Yet for many that is the limit of its appeal. The French and German governments have already come out against the plan. The main business lobby group in Brussels is opposed as well. Their argument is that bigger cuts would burden business at a difficult time, both by increasing the cost of carbon for such large emitters as the steel and cement industries, and by raising the price of electricity for everyone else. The commission’s own analysis gives numbers for these. It puts the cost of achieving a 30% reduction (compared with 1990 emissions levels) in 2020 at €81 billion ($99 billion) a year, against only €48 billion to deliver the 20% target.

That €48 billion is a lot less than the €70 billion cost estimated for the 20% target in 2008, mainly because the recession has already reduced emissions. Green enthusiasts have seized on this to argue that 30% could be had today for little more than 20% was had then. They also point to analysis by the European Climate Foundation, among others, which says that efficiency savings as a result of the 30% policy might save as much or more than its cost.

These arguments are hardly compelling. If the existing policy becomes cheaper because of the recession, why not just pocket the difference and be thankful for small mercies? Even if the calculated gains from the proposal were real (and they may not be), championing diffuse benefits over identifiable costs is always hard politics. A similar argument goes for claims that, by spurring more vibrant green technology, the 30% cut would create lots of jobs, exports and the like.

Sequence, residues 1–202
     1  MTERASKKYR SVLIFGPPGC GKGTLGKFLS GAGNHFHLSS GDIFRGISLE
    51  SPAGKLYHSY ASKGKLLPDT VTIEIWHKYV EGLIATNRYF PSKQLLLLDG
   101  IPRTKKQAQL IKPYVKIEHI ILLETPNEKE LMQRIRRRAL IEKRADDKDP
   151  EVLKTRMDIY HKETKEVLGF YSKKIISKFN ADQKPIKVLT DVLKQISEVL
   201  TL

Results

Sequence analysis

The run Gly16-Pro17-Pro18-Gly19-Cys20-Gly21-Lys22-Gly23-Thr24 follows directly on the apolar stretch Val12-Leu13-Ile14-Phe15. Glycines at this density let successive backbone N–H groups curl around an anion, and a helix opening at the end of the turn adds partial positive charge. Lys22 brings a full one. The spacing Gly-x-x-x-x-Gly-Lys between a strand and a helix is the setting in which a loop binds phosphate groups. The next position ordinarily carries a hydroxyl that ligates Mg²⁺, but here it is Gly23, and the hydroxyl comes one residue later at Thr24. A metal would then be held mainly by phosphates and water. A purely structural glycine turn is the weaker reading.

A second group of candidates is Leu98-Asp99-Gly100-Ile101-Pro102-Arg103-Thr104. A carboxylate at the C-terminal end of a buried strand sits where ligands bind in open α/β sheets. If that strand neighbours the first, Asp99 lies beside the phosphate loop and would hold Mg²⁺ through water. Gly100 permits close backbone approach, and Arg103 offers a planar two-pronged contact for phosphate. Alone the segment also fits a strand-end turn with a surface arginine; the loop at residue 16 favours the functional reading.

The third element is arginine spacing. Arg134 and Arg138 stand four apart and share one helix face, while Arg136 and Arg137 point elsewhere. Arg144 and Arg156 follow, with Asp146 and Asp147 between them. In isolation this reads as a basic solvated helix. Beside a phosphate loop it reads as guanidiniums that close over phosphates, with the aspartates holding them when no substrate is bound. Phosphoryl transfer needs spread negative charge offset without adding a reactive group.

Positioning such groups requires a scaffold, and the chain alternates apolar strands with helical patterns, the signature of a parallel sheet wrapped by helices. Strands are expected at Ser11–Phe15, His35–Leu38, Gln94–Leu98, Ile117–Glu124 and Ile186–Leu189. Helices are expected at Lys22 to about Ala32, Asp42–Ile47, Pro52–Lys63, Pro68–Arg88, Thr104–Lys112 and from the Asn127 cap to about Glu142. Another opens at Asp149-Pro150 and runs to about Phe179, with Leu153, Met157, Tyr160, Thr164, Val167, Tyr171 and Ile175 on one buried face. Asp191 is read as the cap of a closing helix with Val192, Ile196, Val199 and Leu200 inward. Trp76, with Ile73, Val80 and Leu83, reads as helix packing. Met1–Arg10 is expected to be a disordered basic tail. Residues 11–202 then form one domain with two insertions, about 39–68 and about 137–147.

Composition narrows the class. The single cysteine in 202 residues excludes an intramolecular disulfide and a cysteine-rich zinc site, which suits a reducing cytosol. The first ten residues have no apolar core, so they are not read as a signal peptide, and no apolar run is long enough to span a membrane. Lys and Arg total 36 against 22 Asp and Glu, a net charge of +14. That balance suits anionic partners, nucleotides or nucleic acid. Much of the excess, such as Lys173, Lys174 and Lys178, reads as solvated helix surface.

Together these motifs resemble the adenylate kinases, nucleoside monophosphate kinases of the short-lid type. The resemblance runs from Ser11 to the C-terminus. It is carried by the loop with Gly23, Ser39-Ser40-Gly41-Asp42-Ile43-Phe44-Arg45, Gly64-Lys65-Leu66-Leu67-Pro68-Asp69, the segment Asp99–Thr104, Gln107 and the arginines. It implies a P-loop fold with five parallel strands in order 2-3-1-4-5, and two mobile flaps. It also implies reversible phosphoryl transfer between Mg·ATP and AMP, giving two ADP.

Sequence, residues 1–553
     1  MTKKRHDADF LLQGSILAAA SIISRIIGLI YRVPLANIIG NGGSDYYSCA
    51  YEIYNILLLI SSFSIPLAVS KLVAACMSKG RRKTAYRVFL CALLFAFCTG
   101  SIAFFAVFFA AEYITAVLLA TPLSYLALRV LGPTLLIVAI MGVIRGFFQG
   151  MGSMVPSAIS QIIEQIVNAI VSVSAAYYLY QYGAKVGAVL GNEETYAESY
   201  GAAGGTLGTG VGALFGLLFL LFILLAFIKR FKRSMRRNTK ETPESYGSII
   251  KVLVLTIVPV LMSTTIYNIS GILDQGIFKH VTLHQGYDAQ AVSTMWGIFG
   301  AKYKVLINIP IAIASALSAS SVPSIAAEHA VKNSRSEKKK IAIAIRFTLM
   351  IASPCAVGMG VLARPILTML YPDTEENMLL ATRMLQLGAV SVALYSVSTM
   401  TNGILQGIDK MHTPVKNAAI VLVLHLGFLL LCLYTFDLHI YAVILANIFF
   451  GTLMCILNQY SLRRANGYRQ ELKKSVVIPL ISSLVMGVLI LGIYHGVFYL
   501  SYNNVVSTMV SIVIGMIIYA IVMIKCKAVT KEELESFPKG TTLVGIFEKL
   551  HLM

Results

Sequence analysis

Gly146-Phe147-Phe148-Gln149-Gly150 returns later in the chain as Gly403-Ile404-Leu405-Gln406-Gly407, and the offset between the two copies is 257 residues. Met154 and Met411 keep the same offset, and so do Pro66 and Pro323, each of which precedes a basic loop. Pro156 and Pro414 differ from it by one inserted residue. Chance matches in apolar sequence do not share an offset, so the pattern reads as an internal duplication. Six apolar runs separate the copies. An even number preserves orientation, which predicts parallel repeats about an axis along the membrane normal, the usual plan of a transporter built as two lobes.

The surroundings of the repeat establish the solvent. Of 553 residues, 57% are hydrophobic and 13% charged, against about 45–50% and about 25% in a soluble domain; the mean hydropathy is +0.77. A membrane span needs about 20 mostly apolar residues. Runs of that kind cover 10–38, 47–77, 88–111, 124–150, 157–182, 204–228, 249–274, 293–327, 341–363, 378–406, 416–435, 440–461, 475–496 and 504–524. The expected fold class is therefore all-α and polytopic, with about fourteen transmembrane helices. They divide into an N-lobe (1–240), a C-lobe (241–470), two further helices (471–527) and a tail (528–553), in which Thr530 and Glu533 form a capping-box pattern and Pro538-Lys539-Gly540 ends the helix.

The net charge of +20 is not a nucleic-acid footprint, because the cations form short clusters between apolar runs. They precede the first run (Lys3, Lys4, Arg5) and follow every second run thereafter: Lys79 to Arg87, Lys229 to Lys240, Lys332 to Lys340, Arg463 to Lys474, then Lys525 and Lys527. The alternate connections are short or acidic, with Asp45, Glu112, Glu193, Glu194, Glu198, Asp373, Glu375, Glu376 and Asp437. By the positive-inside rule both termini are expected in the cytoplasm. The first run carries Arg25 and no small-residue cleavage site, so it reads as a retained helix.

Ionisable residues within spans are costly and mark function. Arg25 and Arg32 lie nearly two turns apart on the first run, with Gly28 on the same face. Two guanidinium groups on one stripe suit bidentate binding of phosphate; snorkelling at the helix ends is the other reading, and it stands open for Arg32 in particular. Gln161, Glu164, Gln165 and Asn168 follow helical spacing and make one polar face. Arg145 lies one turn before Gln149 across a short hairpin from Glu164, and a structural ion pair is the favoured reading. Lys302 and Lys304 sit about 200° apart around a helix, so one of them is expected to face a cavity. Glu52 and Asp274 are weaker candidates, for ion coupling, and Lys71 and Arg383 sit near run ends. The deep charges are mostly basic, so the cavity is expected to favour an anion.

. May 31, 2011 at 7:29 pm

The government’s commitment to greenery is set to face a further test. A law passed by its Labour predecessor obliges it, by the end of June, to set a limit on Britain’s total emissions of carbon dioxide in the period 2023-27 (limits until then have already been set). Environmentalists want ministers to accept the limit recommended by the Committee on Climate Change, an independent advisory body, but fear the government will choose a laxer one.

. July 26, 2017 at 10:52 am

Ireland’s staggering hypocrisy on climate change

Naughten recently pleaded in Brussels that the 2020 targets (of a 20% emissions cut compared with 2005) that Ireland chose to sign up to are too onerous, and threatening to delay EU-wide implementation of the Paris accord. By 2020 Ireland will only have achieved a paltry 5-6% reduction in emissions, with greenhouse gases from transport and agriculture actually rising. The spectre of serious EU fines looms ever closer.

Per capita, Ireland’s emissions are the third highest in the EU, and it is one of only four EU states (alongside Belgium, Luxembourg and Austria) expected to miss its 2020 targets. Things may be about to get a lot worse. With no public announcement, on 11 July Naughten’s department issued a licence permitting oil drilling on the Porcupine Bank off Ireland’s west coast.

Some 5bn barrels of offshore oil may be recoverable, which, when burned, would release 1.5bn tonnes of CO2 – the equivalent of more than a quarter of a century of Ireland’s current total emissions from all sectors.